They were sitting on the floor and she was going through all of them, showing him where she had hidden the words amongst the lines and shapes. The record player was on and the wine poured and as he looked at the drawings he thought about how wonderful she was, both on and off the page. There was so much going on between them, moreso in the form of energy than words, although there were plenty of those as well.
But that was all before, back when she had restored the hope he once had lost about his future, when he told all his friends about the way she made him feel.
Now he was sitting with a beer out in front of him, both of his hands on the bar at either side of the pint glass. He looked hard down at the glass and kept his eyes forward, occasionally spinning the glass with one of his hands. The bar was not crowded and he was one of only two customers, and the bartender came over and told him, “Ain’t doing you no good keeping it inside on the most romantic day of the year,” and he leaned back and crossed his arms on his chest. There were liquor bottles just behind his head and his waist was against the counter. “Come on,” he said, “Out with it. You’ll feel better.”
“I screwed up,” the man told the bartender, “Made her lose faith in me.”
“You sleep around on her?”
“Technically no,” he said, taking a drink, “But I might as well have.”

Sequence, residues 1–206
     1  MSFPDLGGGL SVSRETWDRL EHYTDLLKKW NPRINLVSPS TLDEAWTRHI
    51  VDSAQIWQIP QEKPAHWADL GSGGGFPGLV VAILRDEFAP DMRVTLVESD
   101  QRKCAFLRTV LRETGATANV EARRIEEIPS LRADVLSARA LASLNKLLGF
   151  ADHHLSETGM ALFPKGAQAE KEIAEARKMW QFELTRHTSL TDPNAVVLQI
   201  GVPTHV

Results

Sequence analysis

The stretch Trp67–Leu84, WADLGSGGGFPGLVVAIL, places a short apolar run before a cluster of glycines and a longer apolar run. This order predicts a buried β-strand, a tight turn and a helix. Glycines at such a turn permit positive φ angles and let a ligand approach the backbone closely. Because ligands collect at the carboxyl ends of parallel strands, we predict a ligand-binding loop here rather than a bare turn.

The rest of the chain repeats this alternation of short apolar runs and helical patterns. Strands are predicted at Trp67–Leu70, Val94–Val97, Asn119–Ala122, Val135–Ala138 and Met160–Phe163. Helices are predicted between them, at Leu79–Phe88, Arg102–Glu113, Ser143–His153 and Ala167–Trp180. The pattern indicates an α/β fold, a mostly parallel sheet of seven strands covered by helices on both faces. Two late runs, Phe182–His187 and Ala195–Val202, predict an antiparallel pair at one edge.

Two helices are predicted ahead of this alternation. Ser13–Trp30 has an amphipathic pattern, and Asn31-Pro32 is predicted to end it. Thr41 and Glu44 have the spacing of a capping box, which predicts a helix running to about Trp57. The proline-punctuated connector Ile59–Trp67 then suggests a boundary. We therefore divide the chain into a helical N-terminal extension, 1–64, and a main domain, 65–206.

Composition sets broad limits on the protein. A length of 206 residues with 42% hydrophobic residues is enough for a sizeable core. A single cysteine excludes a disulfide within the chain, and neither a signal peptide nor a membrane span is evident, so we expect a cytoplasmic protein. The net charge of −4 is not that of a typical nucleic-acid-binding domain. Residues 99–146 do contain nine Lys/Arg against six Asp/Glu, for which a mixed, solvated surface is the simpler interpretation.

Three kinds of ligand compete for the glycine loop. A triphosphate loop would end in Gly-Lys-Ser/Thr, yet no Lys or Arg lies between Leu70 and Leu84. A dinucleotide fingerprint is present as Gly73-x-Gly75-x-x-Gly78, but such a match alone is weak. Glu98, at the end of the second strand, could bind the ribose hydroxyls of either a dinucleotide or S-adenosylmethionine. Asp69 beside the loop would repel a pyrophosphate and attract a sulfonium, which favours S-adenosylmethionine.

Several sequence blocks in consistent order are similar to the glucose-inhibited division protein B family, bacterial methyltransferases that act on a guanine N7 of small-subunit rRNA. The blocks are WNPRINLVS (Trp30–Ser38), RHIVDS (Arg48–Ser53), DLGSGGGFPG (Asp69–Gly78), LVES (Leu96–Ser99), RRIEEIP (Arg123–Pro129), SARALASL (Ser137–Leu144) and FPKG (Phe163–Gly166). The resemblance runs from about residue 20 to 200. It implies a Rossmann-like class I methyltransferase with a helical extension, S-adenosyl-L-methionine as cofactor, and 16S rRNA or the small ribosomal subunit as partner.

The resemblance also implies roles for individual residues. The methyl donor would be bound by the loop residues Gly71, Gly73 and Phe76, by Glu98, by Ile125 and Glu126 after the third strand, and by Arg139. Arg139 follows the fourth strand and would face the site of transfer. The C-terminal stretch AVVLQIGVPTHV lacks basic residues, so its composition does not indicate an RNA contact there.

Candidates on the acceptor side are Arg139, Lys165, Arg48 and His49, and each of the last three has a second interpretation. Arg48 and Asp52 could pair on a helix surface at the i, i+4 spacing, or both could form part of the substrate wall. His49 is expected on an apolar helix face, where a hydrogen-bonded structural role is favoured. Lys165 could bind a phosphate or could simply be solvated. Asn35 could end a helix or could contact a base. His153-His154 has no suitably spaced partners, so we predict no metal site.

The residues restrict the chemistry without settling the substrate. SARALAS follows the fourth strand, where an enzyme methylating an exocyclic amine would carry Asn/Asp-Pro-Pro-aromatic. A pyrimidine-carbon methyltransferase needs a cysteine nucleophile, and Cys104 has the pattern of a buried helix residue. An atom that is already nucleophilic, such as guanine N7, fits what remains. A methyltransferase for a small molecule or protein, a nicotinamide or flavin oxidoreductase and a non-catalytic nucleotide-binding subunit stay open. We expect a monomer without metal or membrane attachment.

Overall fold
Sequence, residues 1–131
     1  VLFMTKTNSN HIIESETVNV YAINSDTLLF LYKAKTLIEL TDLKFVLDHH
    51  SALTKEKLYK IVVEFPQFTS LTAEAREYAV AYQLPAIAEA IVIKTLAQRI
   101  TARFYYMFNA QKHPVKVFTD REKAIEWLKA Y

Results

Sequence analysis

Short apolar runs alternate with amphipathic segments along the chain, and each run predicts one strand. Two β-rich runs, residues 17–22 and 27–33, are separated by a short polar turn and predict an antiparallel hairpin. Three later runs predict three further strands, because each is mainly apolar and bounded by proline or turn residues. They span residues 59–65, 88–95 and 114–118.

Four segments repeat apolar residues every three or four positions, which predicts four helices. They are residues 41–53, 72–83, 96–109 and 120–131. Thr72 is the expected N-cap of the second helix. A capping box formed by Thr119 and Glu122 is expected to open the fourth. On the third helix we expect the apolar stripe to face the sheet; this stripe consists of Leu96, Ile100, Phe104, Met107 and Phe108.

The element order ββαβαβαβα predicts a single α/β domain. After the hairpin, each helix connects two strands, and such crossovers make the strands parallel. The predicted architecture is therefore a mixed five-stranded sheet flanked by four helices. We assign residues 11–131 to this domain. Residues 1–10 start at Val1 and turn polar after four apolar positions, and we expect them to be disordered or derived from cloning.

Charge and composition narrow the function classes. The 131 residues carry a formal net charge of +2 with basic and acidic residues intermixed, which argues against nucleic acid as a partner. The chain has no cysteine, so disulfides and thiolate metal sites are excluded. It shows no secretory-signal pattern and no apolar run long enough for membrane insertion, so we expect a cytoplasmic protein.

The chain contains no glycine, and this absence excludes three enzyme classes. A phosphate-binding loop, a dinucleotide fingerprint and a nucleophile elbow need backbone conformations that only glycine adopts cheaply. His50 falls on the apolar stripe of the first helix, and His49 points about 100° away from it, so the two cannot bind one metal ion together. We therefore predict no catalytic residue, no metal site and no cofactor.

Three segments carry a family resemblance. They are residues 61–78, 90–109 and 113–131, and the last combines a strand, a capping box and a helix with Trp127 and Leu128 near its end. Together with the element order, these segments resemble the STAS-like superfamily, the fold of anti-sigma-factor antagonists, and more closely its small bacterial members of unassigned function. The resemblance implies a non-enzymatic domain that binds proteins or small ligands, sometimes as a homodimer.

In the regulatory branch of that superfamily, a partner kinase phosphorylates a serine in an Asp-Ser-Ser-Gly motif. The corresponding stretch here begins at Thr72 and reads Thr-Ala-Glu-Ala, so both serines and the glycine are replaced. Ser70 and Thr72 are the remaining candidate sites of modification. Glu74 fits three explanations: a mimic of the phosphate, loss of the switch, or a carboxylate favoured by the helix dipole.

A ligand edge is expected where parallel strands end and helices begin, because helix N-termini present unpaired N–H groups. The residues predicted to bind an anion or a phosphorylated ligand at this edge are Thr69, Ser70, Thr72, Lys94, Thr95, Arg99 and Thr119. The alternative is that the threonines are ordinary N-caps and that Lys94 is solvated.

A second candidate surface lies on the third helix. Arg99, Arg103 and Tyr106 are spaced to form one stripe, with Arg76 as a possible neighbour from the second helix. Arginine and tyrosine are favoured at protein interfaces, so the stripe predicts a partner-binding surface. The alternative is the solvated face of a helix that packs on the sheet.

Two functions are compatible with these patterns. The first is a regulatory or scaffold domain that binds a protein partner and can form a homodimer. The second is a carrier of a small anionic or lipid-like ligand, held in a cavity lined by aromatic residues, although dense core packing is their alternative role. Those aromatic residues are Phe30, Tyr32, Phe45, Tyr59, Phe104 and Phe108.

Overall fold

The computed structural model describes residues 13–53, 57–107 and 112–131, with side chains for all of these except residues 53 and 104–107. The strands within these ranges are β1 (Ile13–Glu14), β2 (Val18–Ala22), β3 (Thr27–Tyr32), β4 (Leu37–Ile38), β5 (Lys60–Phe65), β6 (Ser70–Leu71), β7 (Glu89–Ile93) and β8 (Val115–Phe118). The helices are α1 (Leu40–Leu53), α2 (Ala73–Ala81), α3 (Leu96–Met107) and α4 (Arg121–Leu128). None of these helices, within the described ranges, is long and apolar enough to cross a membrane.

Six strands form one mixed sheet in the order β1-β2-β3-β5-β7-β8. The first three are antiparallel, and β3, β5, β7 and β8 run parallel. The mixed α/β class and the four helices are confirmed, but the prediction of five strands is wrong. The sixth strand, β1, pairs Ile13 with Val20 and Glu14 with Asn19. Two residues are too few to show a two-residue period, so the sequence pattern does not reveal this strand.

The bartender nodded his head and said, “I’ve been there.”
The man put both his elbows on the bar and elevated his hands. “I cannot remember ever regretting something this much,” and he pointed to his chest. “When I feel this way I know I have either been done wrong or I have done wrong, and she didn’t do a damn thing wrong.”
“Why did you do it if you like her so much?”
The man looked down at his beer and did not make eye contact with the bartender. “I was thinking selfishly,” he said, “I was selfish and I thought my actions had no consequence because of a stupid technicality.”
The bartender straightened his face and leaned forward, putting his hands on the wood bar. “Do what makes you happy and then worry about the ladies,” the bartender told him. “Why think about them before you settle it all with yourself? It ain’t easy and it can change on a dime for good or for worse.”
He told the bartender with a bite, “It’s too late for those excuses.”
Looking at the man’s face the bartender said, “Come on, don’t act like you’re my age.”
“I’m young enough to believe I’ll eventually regroup,” the man said.
“There, that’s it right there,” interrupted the bartender. “Hold on to that notion and give yourself some time.”
The bartender was smiling and energetic, but when the man did not say anything he refocused and said, “You know what I mean?”
“Sure,” he said, looking away.
“Come on, speak your mind.”
“I’m old enough to question whether something that good happens to one person twice. I might have to wait a while.”
When the bartender did not say anything, the man put a twenty on the bar and stepped out, zipping up his hoodie over the collared shirt and pulling the beanie over his shaved head, and he put both hands in his pockets and looked at his brown shoes. Checking his watch he saw he was right on time, and around the corner he entered the restaurant and told the hostess about the change in reservation.